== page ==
Ethical Dilemmas in the Education of Dentists




Ethical Dilemmas in the Education of Dentists

Leon A. Assael, DMD

Medicine is like the slow raising of masonry. We are fortunate, in lifetime, to be able to lay a single brick.

Prof. Dr. Med Nasser Nadjmi, Antwerp Belgium

The traditional view of ethics in the dental school is that the main ethical problems in dental education are, for example: cheating on examinations, nondisclosure of conflict of interest, commercialism, getting help on clinical exercises, and so forth. Although all these issues are of great importance, none of them are peculiar to the very nature of dental education. In this chapter, a focus on the ethical dilemmas inherent to the contemporary dental education model is discussed. How these dilemmas result in an adverse effect on dental practice are presented. In addition, the solution to ethical problems in dental school is traditionally thought of as occurring in ethics courses and training. In this chapter, instituting structural changes in dental education are considered as a means of promoting the ethical practice of dentistry.

The activities that dental students experience while in their didactic and clinical education serve to define practitioner ethical behavior for their entire career and in critical ways. Dentists see their profession first as dental students. They will model their clinical lives based upon their experience, for example, their interaction with patients, how their treatment plan their services, charge for services, evaluate their own clinical outcomes, interact with the health care team, design their facilities, see their professional identity, and most importantly how they view their relationship to their patients. Their love or loathing of the practice of dentistry will be learned on the clinic floor and carried with them to drive the pursuit of excellence or in contrast the misapplication of patient care. Thus, the public is highly vested in the education of dentists and the ethos that arrives from that experience.

Ethics in clinical education and practice is not expressed best as abstract ideas but rather as the application of decisions, behaviors, and skills in the care of patients. Therefore, the application of ethics in the clinical setting is more measurable and can be seen in the health of the patients who get their care in that environment. It is fair to say that most of the care delivered is quite good and meets the standards (or exceeds that delivered) in the community. So, at the outset the measure of dental school ethics is quite good. However, there are shortcomings that need to be addressed. In a vignette format here are some of the ethical dilemmas in dental school education and some of the solutions to mitigate those problems.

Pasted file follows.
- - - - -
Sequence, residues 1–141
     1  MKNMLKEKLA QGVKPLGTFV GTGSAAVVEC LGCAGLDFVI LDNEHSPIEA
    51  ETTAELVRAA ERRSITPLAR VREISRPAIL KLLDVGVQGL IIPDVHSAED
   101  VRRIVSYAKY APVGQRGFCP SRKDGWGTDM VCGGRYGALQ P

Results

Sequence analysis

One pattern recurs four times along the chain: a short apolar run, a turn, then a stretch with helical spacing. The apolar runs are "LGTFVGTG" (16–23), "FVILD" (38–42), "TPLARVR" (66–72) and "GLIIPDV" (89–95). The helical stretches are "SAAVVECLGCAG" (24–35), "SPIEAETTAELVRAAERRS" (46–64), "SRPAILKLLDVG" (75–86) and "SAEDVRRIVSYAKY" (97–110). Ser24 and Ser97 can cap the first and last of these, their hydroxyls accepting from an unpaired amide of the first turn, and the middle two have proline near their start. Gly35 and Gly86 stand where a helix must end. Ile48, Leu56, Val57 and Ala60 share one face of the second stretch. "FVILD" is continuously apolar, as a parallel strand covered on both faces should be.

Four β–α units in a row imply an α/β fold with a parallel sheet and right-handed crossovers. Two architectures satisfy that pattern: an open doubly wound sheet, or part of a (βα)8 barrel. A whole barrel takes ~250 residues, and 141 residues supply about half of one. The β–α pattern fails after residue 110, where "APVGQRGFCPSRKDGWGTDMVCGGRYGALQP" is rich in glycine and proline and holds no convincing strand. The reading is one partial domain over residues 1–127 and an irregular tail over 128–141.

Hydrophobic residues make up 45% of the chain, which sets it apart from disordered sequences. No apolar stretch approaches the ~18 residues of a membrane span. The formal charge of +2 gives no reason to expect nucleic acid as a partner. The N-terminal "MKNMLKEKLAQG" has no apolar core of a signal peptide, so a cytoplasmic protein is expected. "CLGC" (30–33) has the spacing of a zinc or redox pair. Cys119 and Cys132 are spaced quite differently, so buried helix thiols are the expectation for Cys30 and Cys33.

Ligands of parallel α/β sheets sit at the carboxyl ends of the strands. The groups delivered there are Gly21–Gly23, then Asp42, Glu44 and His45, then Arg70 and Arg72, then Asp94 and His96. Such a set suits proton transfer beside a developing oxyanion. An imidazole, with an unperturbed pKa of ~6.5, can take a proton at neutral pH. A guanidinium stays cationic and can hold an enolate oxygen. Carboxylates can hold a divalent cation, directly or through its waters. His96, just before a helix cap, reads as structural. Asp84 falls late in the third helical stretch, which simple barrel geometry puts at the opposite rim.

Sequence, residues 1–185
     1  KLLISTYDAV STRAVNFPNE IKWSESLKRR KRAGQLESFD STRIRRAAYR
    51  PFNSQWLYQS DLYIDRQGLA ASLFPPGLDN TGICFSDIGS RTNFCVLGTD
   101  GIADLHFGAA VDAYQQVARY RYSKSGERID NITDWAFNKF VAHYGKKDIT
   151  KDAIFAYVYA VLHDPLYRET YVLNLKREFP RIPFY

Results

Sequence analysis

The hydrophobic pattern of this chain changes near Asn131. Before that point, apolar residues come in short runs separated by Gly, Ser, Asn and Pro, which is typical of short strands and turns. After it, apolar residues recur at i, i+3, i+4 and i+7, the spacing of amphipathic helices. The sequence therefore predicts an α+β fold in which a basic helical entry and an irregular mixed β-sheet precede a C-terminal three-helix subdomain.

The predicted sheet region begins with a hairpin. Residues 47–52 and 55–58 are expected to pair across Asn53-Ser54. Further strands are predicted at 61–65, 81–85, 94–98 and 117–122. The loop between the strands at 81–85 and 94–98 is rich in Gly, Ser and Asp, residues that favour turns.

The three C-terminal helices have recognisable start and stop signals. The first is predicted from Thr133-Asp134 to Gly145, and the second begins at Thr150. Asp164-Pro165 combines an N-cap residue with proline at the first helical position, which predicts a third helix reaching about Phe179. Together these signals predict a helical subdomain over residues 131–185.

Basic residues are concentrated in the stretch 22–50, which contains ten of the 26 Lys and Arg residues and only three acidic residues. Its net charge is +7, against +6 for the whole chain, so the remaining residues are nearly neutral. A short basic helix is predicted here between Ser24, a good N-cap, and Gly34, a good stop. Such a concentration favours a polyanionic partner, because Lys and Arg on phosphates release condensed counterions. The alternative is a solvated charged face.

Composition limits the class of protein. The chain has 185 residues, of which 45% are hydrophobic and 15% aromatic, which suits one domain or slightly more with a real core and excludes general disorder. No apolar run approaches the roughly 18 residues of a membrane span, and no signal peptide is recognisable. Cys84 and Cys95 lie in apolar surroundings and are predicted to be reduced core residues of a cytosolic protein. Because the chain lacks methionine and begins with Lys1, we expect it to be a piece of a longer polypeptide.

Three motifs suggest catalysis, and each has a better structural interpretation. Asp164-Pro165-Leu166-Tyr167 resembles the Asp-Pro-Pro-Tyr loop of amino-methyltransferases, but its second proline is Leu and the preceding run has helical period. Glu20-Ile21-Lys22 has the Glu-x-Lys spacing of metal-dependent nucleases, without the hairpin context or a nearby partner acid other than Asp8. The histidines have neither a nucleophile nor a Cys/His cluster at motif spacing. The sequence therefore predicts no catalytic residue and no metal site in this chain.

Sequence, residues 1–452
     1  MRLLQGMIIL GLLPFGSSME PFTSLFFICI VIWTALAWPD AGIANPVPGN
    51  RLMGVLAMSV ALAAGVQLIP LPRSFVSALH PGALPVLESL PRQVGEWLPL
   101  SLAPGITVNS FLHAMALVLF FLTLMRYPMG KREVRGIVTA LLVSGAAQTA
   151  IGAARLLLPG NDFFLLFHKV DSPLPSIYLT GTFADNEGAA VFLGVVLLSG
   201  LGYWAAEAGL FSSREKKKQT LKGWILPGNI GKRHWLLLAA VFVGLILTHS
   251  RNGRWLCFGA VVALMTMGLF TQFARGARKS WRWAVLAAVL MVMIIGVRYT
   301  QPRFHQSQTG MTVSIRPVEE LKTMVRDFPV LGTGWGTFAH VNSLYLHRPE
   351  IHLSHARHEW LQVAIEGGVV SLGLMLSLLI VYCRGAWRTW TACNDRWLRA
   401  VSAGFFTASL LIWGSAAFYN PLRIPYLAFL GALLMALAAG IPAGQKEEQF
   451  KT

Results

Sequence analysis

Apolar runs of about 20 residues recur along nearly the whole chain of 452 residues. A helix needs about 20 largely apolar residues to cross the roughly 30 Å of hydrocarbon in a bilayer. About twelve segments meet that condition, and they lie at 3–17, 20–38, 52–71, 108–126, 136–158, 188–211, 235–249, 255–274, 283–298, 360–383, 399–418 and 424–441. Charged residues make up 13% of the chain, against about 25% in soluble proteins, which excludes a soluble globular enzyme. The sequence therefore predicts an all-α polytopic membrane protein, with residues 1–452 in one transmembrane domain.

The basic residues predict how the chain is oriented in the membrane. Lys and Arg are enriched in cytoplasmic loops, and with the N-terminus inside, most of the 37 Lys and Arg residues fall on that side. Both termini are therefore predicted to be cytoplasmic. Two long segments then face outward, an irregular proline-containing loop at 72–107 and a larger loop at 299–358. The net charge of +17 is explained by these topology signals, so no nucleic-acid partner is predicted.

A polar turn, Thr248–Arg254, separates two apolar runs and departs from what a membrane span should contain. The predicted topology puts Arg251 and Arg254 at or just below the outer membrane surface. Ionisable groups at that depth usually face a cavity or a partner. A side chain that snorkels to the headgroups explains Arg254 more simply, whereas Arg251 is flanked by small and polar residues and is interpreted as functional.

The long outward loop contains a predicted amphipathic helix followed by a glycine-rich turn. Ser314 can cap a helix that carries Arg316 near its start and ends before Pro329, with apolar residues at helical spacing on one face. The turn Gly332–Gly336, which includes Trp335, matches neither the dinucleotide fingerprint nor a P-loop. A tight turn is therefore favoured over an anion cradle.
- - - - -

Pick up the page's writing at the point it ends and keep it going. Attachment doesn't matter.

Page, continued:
The patient care delivery environment

Student to the Dean: “Sometimes the faculty just chew me out in front of the patient telling me what I did wrong. It’s embarrassing and I wonder what the patients might think. I feel incompetent and my patient must feel like a guinea pig.”

All dentists first practice as students and model behaviors that they observe in the clinical practicum. The means of educating dentists in clinical procedures is unique. For most dental students, nearly all clinical care they witness in dental school is delivered by them in their own clinical education, for example, the clinical practicum. No similar type of clinical experience exists in any other type of health care education. Dental educators are in a parental role as students sequentially take on the knowledge, skills, and behaviors of dental practice. They do so in a clinical delivery environment created solely for their clinical education. Thus, the first experiences often guide future experiences.

As one who taught skiing, I observed two instructors, Klaus, the ski school director, and Linda who worked almost entirely with children and disabled skiers.

Klaus: “No you are doing it all wrong! He scowled to the class and called out to the children in his ski class. Fear enveloped a student as he tried to follow a long list of quickly stated verbal instructions and fell on the first turn.

Linda: Today, we are going to have fun. You kids are ready. You did so well the last lesson, I know you will do great. The sun is shining. The snow is perfect and everyone is going to learn something today that they are going to love.”

Ask yourselves which students are going to enjoy skiing and which will fear it. Those who fear it often become the “speed demons” racing from top to bottom at full speed with no turns and a good measure of bravado to suppress their fear. They ski past the happy former students of Linda who with Zen like pleasure carve turns and enjoy the terrain beneath their feet.

It is the same in dentistry. Those who fear a procedure take shortcuts and are unable to be self-critical lest they feel as though they are playing the role of the critical instructor, this time chewing themselves out, mercilessly. Instead they often become “speed demons,” bombing through the clinic day without any helpful self-appraisal or true enjoyment or appreciation for the tasks at hand or their meaning. Patients become a sideshow to the inner demons brought on by the dentists own sense of inadequacy. This obviously compromises the ethical construct of their dental practice, obviates continual improvement, and creates a self-hating dentist.